Son of a soldier who fought Chinese during the 1962 Sino-India war, Air Commodore Hilal Ahmad Rather from Anantnag has become pivotal in the arrival of the first Rafale jets to India. Back home in Kashmir, his family is describing him a disciplinarian who gave wings to his dreams.
WHEN Shahida Parveen woke up to the news that her “brightest” brother will be the first Indian pilot to fly Rafale, she texted him the Poet of East’s celebrated couplet: “Nahin Tera Nasheman Qasr-e-Sultani Ke Gunbad Par / Tu Shaheen Hai, Basera Kar Paharon Ki Chatanon Mein (Thy abode is not on the dome of a royal palace / You are an eagle and should live on the rocks of mountains).”
The couplet, the proud sibling said, complimented the ‘flying’ character of her brother.
On Tuesday, Shahida’s sibling, Air Commodore Hilal Ahmad Rather was seen alongside the Indian Ambassador to France, and overseeing the flight of the First Rafale jets from France to India.
The Kashmiri airman’s name made rounds four years after an agreement between India and France cleared the decks for India’s 36 Rafale fighter aircraft.
The much-talked about flying machines took off from France’s Metignac airbase on July 27, and will land in India on July 29 after a stopover in an airbase in UAE.
These jets will significantly boost the combat capabilities of the Indian Air Force (IAF).
As India’s Air attache to France, Hilal reportedly played a significant role in ensuring the timely delivery of the jets to India.
Once done with the deal, the IAF officer was seen with Jawed Ashraf, India’s ambassador to France. The captured moment of the two Indian officers became momentous for India’s Rafale deal.
Hailing from Bakshiabad area of Anantnag district, Hilal was born to Mohammad Abdullah Rather, a JAKLI officer who fought the Chinese in the 1962 war. Later he would be bestowed with “Sena Medal” for his bravery.
But before being awarded, Hilal’s father was reported missing in the Sino-India war of Sixties.
“We received his uniform and were told that he died but then miracle happened,” Shahida told Kashmir Observer. “He came back after three months but not before hoisting India’s flag in the hills of East Ladakh sector.”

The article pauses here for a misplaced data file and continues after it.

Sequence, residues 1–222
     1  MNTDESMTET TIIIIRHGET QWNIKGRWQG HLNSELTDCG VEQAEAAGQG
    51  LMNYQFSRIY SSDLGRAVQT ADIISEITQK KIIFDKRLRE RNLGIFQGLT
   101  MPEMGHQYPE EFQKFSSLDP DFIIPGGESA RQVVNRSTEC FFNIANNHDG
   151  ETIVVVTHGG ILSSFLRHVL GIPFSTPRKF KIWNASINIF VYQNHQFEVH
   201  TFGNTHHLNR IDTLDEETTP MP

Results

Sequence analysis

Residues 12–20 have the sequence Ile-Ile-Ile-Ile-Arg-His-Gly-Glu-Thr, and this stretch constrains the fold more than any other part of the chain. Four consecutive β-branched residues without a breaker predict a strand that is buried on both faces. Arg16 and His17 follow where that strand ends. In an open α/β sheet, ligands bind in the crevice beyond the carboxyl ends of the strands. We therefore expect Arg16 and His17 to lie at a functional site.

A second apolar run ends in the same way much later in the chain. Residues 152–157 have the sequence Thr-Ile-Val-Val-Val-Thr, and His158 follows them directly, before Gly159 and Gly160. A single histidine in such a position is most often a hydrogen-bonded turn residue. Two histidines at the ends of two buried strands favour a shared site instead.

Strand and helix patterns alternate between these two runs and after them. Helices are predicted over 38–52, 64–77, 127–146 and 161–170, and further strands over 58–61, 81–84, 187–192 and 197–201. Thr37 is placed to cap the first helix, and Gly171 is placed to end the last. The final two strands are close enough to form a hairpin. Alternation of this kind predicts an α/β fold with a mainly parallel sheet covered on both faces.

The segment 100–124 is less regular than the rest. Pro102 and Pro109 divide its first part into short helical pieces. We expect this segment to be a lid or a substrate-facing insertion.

Hilal’s father later joined the J&K Police and eventually retired as a deputy superintendent of police, before breathing his last in 2013.
“It was the dream of our father to see Hilal touching the skies,” Shahida said. “Not only he touched skies, but also made all of us so proud through his achievements.”
Among the five siblings, Shahida said, Hilal was the brightest student.
“Our elder sister was lecturer; I, as a second sibling, retired as a law officer; the third one is also lecturer; another brother is a Chemistry lecturer and our youngest and brightest sibling Hilal, is a pilot.”
Hilal has two children — one has completed Bachelors in Economics and Psychology, other one is doing Bachelors in Business studies in Europe. His wife, Samina has done Masters in Science.
Hilal did his early schooling in Anantnag and joined the Sainik School in Jammu’s Nagrota town for further studies, where he became the School Captain. Later he joined the prestigious National Defence Academy (NDA).
“He then chose Air Force and passed out as the best all round pilot from the Air force Academy with the Presidents Plaque and Sword of Honour,” Shahida continued. “He went to Bangladesh in 2003 for a flight safety course and then in 2011 to US for the prestigious Air War College Course where he attained academic distinction. From US, he returned to India in 2013 and served in the HQ of Western Air Command.”
Hilal was commissioned in IAF as a fighter pilot on December 17, 1988. From a pilot officer he subsequently rose to become flight lieutenant in 1993, Squadron Leader in 1996, Wing commander in 2004, group captain in 2010 and Air Commodore in 2016.
According to reports, the IAF officer received Vayu Sena Medal, given for devotion to duty, when he was a Wing Commander in 2010 and Vishisht Seva Medal when he was a Group Captain in 2016.
Hilal has completed more than 3,000 hours of accident-free flying on MiG 21s, Mirage-2000, and Kiran aircraft. The IAF officer is a fighter combat leader and a qualified flying instructor.
“He continues to work as a passionate fighter pilot and has a keen sense for detail,” Shahida said. “His meticulousness and dedication must have made a definite difference to realise the Rafale project for his Air Force. Today it feels Hilal has indeed lived up to his passion, and made his family proud.”
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